The cost of war: nearly $2 trillion for wars in Iraq and Afghanistan 


The Congressional Budget Office (COB) released its accounting for the “War on Terror” last month, revealing that more than $450 billion has been spent to date, with more than 70 percent of those funds being spent on the war in Iraq. That figure is expected to reach more than $600 billion by the end of this year.

According to the same report, the total cost for the war is now estimated at between $1.2 trillion and $1.7 trillion, depending on how quickly troops are withdrawn from Iraq.

Thus far, the war has cost $4,000 per American taxpayer. At the end of the war, it is reported that every American man, woman and child will have provided at least $10,000 a piece for war funding.

Spending in Iraq has been far more than the White House told the American people it would be in the days leading up to the war. While no actual budget was ever released, White House financial advisor Larry Lindsey told the Wall Street Journal in September of 2002 he estimated an “upper bound” estimate of between $100 and $200 million.

At the time, then director of the White House budget office, and current Indiana governor, Mitch Daniels called Lindsey’s estimate “very, very high.” In January 2003, Defense Secretary Donald Rumsfeld estimated the cost at “something under $50 million.”

Some analysts believe the new figures released by the COB are low and the government is once again underestimating the total cost. These new figures don’t include the cost of long-term health care for the more than 30,000 soldiers who have been wounded (an additional $100 billion at least), the interest costs on the large portion of war funding that is coming from deficit spending (another $100 billion at least) or the cost of rebuilding the military when and if the war in Iraq ends (another $100 billion at least). Some have also included more than $150 billion in increased oil prices as a result of the war in tallying its final costs.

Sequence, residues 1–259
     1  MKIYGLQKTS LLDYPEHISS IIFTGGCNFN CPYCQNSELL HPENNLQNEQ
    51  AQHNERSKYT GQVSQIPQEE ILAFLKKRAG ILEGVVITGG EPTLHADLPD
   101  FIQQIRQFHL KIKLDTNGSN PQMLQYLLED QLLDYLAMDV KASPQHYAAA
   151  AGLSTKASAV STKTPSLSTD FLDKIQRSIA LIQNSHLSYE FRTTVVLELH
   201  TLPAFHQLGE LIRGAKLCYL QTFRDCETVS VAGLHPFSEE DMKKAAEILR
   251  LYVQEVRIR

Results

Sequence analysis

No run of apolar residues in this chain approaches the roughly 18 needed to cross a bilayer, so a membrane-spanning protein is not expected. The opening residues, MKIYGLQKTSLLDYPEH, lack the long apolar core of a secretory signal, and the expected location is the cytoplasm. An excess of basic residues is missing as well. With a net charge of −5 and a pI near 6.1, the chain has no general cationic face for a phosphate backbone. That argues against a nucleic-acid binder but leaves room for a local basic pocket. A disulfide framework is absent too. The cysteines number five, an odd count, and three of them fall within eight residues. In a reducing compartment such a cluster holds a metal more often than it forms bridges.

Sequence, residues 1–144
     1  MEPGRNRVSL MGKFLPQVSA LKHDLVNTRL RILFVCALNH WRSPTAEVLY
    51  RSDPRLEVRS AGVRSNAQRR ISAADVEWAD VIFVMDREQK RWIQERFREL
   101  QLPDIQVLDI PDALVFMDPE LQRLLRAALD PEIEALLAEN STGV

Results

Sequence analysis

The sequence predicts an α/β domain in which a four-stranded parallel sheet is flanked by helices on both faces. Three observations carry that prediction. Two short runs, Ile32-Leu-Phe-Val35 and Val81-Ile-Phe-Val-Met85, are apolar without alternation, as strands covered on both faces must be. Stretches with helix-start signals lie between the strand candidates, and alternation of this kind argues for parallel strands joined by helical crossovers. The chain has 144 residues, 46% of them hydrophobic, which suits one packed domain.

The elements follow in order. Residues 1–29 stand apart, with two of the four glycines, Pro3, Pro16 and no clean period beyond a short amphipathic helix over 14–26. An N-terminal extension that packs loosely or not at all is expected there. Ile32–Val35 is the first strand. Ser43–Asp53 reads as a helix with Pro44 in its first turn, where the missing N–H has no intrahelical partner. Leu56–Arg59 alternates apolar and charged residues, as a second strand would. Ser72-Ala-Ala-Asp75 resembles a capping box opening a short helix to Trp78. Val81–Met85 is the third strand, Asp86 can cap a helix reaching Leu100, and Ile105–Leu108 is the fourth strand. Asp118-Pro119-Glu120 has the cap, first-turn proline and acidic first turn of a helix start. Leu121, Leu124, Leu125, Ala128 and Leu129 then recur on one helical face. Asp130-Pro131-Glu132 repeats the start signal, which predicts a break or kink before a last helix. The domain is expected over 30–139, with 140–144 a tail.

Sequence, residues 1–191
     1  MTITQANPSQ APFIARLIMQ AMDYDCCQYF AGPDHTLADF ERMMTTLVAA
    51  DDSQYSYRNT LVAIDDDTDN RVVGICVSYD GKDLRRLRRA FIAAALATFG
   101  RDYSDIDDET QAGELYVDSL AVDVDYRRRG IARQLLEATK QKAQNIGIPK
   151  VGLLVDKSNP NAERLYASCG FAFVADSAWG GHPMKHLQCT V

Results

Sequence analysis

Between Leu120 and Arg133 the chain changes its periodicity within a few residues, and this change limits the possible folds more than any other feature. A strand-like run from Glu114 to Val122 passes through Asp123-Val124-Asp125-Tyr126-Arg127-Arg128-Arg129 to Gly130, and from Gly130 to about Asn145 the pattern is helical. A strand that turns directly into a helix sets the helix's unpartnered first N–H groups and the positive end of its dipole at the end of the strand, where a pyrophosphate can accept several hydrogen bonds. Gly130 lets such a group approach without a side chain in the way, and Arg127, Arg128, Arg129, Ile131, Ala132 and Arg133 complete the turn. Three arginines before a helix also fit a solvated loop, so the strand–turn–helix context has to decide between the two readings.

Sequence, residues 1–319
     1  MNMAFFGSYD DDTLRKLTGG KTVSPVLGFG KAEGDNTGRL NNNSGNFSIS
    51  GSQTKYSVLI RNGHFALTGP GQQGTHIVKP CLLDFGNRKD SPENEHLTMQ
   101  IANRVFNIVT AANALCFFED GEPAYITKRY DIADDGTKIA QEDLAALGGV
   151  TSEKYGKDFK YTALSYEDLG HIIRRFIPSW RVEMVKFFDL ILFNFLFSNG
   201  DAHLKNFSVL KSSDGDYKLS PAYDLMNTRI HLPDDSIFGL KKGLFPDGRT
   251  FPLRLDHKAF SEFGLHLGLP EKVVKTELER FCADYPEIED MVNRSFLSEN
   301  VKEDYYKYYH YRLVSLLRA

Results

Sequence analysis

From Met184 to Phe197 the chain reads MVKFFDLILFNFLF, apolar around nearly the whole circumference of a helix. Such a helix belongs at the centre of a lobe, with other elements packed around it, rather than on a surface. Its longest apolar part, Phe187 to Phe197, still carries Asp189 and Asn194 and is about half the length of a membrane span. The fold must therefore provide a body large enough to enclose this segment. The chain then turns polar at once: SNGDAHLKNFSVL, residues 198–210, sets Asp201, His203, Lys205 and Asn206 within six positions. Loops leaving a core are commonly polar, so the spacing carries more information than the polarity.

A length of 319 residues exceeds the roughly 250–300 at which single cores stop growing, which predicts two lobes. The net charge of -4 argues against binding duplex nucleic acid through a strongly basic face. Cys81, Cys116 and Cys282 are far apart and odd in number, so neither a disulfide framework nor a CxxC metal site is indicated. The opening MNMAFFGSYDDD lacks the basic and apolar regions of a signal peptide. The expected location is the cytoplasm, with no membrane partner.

Comprehensive estimates of the cost of war now consistently place the total at about $2 trillion, a figure Columbia University economist Joseph E. Stiglitz, 2001 Nobel Prize winner in economics, predicted more than a year ago. While Stiglitz is a former advisor to President Clinton, and a staunch opponent of the war in Iraq, mainstream media outlets and conservative analysts are now agreeing with his estimate.

The taxpayer cost for the Iraq war thus far has averaged more than $200 million per day. For the same amount of money, more than 17,000 American students could attend a public college for one year tuition-free; nearly 400,000 uninsured children in America could receive insurance coverage for a year; every baby born in the U.S. in the last year could be immunized against measles, mumps and rubella more than 14 times; and more than 1,000 new border patrol agents could be hired.

Internationally, $200 million a day could feed all of the starving children in the world four and half nutritious meals, build more than 5,000 AIDS clinics in Africa or provide one-third of the total aid needed for earthquake relief for the 4 million people affected in the South Asia tsunami last year.

The war has cost Indiana taxpayers more than $6 billion to date, with nearly $1 billion coming from taxpayers in Indianapolis. In Center Township alone, the amount taxpayers have spent on the war could have instead been spent to build 53 schools, or 4,500 housing units, or provide nearly 70,000 children with health care for more than four years.

But the cost of the war is not merely financial.

Three thousand five hundred and thirty-two Americans have lost their lives serving in Iraq and Afghanistan since the war began, more than 600 more lives than were lost on Sept. 11. At least 75 of the war dead called Indiana home.

The cost of war has, perhaps, been highest for Iraqis themselves. While the American government has refused to keep a tally or release the number of civilian deaths in Iraq, the White House acknowledges around 35,000 Iraqi citizens have been killed in the fighting over the past four years — though the United Nations recently reported that 34,000 Iraqis died last year alone. The most reliable British source estimates the civilian deaths at closer to 65,000.

By the numbers

$2 trillion: Estimated cost of the war through 2013

$463 billion: Cost of the war to date

$200 million: Cost of the war per day

50,000: Conservative estimate of Iraqi lives lost

32,544: Number of Americans wounded in was as March 8. 2007

3,532: Number of American troops killed as of March, 8 2007



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